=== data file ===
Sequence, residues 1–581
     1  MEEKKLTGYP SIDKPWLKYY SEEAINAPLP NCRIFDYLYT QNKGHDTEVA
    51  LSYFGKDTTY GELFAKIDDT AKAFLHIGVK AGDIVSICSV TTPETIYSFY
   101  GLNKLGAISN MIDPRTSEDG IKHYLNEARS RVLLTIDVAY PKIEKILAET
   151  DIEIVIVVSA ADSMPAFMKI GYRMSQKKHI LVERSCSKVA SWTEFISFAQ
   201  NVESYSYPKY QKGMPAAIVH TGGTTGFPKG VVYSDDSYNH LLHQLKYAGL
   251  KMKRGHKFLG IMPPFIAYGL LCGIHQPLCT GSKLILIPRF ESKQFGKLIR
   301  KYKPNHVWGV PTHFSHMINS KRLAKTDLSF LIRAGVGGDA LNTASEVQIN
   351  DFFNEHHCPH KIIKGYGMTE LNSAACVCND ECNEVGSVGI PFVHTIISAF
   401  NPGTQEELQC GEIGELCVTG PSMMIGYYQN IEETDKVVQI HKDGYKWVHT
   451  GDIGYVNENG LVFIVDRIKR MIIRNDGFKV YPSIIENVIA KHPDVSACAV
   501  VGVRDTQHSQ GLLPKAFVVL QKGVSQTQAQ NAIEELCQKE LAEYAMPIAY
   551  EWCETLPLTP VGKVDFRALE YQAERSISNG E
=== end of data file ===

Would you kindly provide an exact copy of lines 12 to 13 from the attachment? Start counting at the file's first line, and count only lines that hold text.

   501  VGVRDTQHSQ GLLPKAFVVL QKGVSQTQAQ NAIEELCQKE LAEYAMPIAY
   551  EWCETLPLTP VGKVDFRALE YQAERSISNG E